“Five years ago, Alex Honnold scaled the sheer face of the 3,000-foot El Capitan escarpment alone and without ropes—the only person to have ever done so. Honnold has great skill and discipline, but he is also blessed with a special brain: an MRI scan has shown that his brain doesn’t register fear.”
What’s that got to do with innovation? Surprisingly, everything.
Why? Well, it turns out that things that induce anxiety create fear, and that we are conditioned to avoid things which create risk, real or imagined. Or to warn others of the inherent risks that they may have overlooked. (I suspect that my son thought his name was “careful” between the ages of one and three years old.)
McKinsey research shows that three particular fears have an acutely negative impact on corporate innovation:
- Fear of criticism
- Fear of uncertainty
- Fear of negative impact… on one’s career.
What was striking was that these fears are not ubiquitous across all organisations. These fears are much more prevalent in organisations which are considered to be average or lagging innovators. The authors of the McKinsey Report write:
“When we believe our decisions can put our advancement or compensation at risk, loss aversion takes the steering wheel and drives us to hedge our bets.” Ergo, we dial down the risky “innovative” behaviour. Read the full report here.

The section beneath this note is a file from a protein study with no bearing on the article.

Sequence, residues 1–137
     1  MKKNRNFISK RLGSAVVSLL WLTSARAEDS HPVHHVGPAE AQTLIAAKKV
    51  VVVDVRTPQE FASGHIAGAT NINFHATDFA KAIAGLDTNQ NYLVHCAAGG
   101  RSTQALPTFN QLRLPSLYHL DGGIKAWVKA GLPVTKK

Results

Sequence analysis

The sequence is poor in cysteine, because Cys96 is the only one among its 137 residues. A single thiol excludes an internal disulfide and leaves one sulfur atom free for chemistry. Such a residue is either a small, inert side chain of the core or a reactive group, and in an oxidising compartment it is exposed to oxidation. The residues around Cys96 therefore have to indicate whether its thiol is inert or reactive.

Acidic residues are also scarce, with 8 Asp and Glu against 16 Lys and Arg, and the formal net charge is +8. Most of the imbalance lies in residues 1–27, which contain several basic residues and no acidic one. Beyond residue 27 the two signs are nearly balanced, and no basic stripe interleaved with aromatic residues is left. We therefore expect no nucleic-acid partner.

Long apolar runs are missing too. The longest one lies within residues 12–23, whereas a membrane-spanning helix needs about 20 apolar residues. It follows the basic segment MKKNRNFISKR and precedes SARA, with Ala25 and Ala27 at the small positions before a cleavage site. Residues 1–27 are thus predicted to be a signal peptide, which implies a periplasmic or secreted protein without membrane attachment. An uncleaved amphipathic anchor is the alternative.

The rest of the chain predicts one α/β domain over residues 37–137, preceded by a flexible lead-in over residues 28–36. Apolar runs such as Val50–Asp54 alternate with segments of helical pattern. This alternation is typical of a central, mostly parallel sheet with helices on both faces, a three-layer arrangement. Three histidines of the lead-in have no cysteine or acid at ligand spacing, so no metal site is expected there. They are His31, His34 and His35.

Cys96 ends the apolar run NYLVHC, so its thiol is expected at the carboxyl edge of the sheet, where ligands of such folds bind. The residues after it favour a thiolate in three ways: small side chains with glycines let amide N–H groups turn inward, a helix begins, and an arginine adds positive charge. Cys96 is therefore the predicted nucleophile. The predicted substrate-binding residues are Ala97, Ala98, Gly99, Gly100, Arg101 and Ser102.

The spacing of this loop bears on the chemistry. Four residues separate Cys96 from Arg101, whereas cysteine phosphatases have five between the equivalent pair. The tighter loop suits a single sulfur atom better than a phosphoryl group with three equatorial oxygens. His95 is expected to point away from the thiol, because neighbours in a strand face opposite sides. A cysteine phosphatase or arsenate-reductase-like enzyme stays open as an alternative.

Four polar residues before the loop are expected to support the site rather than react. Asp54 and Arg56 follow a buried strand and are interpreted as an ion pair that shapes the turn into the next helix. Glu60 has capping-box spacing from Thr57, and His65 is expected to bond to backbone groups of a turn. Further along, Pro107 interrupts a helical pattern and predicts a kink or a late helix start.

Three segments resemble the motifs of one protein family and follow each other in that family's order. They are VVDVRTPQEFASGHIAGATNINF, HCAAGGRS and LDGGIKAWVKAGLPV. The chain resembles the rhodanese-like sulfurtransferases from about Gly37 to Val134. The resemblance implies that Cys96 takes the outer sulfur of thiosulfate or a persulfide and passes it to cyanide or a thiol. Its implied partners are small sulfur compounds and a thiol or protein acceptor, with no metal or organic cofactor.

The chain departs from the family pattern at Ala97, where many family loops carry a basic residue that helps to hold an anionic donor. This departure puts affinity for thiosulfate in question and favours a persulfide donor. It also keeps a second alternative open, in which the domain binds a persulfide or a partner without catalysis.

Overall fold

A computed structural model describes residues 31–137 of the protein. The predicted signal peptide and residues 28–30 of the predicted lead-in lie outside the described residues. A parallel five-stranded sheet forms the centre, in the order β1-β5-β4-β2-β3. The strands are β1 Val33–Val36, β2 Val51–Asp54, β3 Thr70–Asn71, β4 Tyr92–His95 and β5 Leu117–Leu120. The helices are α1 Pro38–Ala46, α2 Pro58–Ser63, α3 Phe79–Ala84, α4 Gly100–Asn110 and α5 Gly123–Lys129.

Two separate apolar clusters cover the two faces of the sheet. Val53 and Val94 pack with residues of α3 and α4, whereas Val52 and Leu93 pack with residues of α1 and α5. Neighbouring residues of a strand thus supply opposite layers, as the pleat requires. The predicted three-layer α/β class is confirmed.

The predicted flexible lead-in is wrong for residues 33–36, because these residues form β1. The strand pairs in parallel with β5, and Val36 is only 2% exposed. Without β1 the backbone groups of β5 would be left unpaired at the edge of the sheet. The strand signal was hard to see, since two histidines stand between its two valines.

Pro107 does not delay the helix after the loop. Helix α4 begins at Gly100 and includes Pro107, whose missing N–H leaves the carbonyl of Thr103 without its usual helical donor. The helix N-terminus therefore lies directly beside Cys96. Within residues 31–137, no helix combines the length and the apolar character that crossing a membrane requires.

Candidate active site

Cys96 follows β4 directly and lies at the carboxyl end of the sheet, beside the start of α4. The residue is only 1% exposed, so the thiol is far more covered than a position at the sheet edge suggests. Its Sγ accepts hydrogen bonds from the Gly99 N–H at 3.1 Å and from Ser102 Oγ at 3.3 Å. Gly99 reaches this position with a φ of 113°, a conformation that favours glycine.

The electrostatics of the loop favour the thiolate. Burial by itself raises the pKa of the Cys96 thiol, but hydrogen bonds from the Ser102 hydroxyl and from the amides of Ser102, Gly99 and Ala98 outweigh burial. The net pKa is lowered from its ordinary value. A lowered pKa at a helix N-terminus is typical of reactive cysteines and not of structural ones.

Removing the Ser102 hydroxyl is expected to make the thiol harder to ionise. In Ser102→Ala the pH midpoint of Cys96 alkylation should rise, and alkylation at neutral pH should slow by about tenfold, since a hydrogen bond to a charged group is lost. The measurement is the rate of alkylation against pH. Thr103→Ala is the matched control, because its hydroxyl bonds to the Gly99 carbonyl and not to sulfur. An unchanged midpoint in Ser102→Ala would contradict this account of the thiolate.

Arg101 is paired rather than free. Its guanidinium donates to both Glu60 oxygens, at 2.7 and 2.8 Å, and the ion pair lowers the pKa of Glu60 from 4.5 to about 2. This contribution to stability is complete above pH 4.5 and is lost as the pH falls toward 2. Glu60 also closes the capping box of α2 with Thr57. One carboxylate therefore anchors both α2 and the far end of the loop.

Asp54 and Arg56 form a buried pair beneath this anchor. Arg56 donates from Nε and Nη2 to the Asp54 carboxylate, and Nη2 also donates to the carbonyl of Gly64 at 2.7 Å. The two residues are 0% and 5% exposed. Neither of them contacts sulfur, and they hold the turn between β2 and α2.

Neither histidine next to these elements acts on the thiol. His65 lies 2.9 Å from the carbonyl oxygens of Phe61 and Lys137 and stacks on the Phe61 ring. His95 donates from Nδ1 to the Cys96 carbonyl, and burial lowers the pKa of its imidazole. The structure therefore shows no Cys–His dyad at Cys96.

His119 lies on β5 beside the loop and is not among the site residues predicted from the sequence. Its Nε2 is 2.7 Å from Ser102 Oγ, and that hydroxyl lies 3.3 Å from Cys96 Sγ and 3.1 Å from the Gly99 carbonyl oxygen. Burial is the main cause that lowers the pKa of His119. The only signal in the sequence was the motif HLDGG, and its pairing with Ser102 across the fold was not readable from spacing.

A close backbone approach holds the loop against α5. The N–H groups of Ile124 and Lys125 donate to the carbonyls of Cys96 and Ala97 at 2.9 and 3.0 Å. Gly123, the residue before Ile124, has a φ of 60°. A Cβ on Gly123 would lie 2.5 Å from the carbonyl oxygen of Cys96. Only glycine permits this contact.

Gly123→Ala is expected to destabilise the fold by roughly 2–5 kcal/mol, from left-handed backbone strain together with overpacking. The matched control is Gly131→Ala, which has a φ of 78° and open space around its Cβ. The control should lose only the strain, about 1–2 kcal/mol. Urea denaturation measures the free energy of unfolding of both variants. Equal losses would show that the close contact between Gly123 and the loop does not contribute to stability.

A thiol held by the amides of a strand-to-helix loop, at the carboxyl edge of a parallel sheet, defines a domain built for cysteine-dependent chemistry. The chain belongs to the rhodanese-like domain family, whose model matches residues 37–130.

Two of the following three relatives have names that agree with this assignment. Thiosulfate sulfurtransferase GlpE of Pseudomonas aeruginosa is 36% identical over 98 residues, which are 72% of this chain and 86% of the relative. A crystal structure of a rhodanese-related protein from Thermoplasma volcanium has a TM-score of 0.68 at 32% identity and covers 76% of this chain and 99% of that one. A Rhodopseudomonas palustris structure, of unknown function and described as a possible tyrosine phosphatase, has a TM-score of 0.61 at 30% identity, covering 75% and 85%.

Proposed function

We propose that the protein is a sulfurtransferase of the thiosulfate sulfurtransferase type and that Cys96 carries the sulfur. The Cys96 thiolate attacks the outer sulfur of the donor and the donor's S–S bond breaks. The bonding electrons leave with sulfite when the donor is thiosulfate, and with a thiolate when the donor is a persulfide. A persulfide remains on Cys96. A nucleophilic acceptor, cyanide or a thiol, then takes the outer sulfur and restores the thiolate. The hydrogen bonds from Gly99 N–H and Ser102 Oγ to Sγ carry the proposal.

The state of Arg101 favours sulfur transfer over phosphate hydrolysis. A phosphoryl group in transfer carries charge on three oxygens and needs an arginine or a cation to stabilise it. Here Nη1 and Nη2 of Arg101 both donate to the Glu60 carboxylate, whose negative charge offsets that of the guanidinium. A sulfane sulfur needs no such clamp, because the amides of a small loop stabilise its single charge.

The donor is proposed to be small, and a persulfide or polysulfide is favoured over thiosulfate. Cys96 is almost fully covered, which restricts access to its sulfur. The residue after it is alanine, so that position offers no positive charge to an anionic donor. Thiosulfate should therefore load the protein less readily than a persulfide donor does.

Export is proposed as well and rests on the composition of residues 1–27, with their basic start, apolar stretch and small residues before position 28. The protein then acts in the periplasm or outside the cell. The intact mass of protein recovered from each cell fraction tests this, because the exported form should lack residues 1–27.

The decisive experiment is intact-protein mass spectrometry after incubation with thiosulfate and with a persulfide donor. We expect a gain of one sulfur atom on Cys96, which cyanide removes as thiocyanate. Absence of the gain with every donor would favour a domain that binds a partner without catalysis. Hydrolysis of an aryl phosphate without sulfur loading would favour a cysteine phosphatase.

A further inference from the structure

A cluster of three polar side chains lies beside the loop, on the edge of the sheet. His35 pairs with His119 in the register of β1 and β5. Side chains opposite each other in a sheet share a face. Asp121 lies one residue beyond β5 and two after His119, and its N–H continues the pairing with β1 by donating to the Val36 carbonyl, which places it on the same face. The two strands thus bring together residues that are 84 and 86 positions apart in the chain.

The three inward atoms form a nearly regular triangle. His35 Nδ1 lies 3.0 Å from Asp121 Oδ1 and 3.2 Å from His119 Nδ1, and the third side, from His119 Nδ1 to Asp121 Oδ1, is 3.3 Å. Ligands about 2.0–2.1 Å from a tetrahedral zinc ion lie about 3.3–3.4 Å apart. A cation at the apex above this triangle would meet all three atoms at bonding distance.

This matters. We are conducting an innovation workshop with a national collaborative body in the sustainability field. One of our first design questions was to consider the question “What’s at risk for participants?” While we can’t manage perceptions of external risks, we can build trust by starting with relationship building BEFORE getting busy with the work at hand. And in many ways, this points to the work at hand being about creating the conditions in which people feel safe to question, challenge, experiment, tear down and innovate. Innovation is simply what naturally creative, resourceful human beings then do inside the context of safety.
Our reality is that our corporate, educational and governmental institutions are not filled with Alex Honnolds. They are filled with me and you and people like us who consciously or unconsciously experience fear.
Our job as leaders is to create the conditions in which people experience less anxiety and fear, and are more easily able to connect to their innate creativity in order to bring the innovative thinking our planet so desperately needs.